Marcus, it is not quite that simple. Medicare, for example, each time sends me a “four pages of paper” statement. Mostly they are, in several languages and the same text each time, just telling me how to appeal the payment(s) made. Last night my wife and I went out for a small ice cream treat. The paper cash register receipt was nearly 12 inches long. Received a postal mail notice of an upcoming medical appointment. A full page of paper for a one sentence notice. Had lunch today. The tray with my soup and sandwich also had six paper napkins on it. I could cite many more examples of the same thing. As a society, we waste reams of paper on invoices, receipts, advertising and…

        • #2466510


          Go to your My Medicare Online account and select paperless. You get all the stuff online and notices when new EOBs are available.


          May the Forces of good computing be with you!


          PowerShell & VBA Rule!
          Computer Specs

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          • #2466570

            Thanks for the reminder. I have in fact done that for most of my utility bills and bank accounts. A couple of times I have tried to set up paperless notifications/billing only to get the reply, for each repeated attempt, “We are unable to set up your account at this time. Please try again.” More to the point, I am acquainted with several elderly friends who do not want to/won’t use computers and to whom your suggestion is, alas, unacceptable.

            Our use of too much paper goes back a long ways. I remember in the 1980’s when our school purchased several IBM PC’s. Since I was the Fortran “expert”, I was called upon to set up the computers to run the IBM supplied Fortran compiler software. I soon discovered that the software was hard-coded to first eject a blank sheet of paper each time the software sent any text to the printer. Nuf Sed.

    • #2466443

      Problems may exist with new or used items. Evaluate the item, not whether it is new or used. Determine idiosyncrasies and compensate for them, if possible. If not possible to compensate, try again — perhaps with the same make and model, perhaps with a different make and model.

      Carpe Diem {with backup and coffee}
      offline▸ Win10Pro 2004.19041.572 x64 i3-3220 RAM8GB HDD Firefox83.0b3 WindowsDefender
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      online▸ Win11Pro 22H2.22621.1778 x64 i5-9400 RAM16GB HDD Firefox114.0b8 MicrosoftDefender
    • #2466515

      The paper cash register receipt was nearly 12 inches long. Received a postal mail notice of an upcoming medical appointment. A full page of paper for a one sentence notice. Had lunch today. The tray with my soup and sandwich also had six paper napkins on it.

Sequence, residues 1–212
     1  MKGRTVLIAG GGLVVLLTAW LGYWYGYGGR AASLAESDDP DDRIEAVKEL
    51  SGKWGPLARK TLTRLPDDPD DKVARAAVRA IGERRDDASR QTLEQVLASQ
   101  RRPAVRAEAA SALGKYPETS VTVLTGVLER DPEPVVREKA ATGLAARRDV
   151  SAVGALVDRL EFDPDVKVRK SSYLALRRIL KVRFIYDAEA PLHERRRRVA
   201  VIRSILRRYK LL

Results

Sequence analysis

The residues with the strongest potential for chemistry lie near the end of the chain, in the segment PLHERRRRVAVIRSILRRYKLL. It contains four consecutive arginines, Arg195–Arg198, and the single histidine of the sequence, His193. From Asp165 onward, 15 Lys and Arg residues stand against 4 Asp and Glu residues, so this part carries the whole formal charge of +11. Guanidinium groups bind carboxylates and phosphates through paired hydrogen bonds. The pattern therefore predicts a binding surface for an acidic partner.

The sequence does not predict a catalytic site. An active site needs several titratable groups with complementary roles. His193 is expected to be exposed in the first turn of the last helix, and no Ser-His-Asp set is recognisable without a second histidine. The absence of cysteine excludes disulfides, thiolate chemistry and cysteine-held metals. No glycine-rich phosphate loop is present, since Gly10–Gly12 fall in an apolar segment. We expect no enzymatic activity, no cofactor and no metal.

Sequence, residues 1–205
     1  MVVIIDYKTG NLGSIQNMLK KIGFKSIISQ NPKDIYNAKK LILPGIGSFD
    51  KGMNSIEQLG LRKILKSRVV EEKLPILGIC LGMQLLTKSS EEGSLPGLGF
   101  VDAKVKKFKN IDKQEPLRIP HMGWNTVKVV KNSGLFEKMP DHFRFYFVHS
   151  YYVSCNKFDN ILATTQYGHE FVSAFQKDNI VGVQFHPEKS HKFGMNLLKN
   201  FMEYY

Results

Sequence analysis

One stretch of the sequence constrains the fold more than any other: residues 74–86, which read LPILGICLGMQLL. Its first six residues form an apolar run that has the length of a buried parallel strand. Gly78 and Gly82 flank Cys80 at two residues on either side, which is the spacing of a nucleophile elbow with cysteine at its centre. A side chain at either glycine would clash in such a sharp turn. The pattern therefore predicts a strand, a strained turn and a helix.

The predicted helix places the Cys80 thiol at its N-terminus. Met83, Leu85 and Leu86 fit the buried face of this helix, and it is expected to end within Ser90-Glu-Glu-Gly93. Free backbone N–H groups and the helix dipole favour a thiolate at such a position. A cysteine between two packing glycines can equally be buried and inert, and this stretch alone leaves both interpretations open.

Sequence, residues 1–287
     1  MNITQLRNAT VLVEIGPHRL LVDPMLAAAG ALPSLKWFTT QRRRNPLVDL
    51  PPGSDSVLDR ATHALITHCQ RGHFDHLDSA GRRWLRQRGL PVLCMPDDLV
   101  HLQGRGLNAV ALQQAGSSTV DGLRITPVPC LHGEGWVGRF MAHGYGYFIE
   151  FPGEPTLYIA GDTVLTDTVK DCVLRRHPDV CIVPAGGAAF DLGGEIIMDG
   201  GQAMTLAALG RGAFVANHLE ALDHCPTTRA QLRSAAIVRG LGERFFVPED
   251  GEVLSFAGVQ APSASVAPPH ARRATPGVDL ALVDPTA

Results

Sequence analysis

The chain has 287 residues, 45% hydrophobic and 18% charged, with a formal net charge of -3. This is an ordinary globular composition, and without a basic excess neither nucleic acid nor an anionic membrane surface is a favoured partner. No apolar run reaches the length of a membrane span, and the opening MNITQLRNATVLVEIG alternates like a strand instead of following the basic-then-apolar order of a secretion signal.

And then there is Walmart. Try getting a paper receipt from them after using an iPhone (not Apple watch which befuddles Walmart totally) to pay from. You need a paper receipt as Walmart frequently screws up Apple iPhone payment also.

    • #2466535

      I’ve got 2 refurbished Brother MFC laser multifunction printers that have been cranking along for years. The most recent one was purchased in 2013.

      Two things I did differently:

      First, they were both manufacturer refurbished by Brother rather than some random refurbisher. They also included a manufacturer warranty.

      Second, I purchased both from Staples rather than Amazon or eBay. There’s way too many counterfeits and other scams on Amazon and eBay.

      So my advice for things like printers is to only buy manufacturer refurbished and to buy from a vendor who has better control over what they’re selling.

    • #2466604

      I do IT support for a cousin who runs a small business (otherwise, I’m mostly retired). We certainly have the ability to reduce the paper we generate, but our customers (mostly other small businesses) don’t always have the ability or inclination to accept any changes. We rarely do things which annoy our customers – it’s almost never worth the cost.

      That said, we trade business services with another small business that focuses on printer repair. When we needed to replace printers, we asked our printer repair vendor. We’ve replaced an HP 4000 printer and two HP 8000 printers (bought used/refurbished) with HP M506 printers (also used/refurbished), and have been very happy. Quality is very good, speed is much faster, and we have not had any supply or maintenance problems with the new printers. They also take up much less room.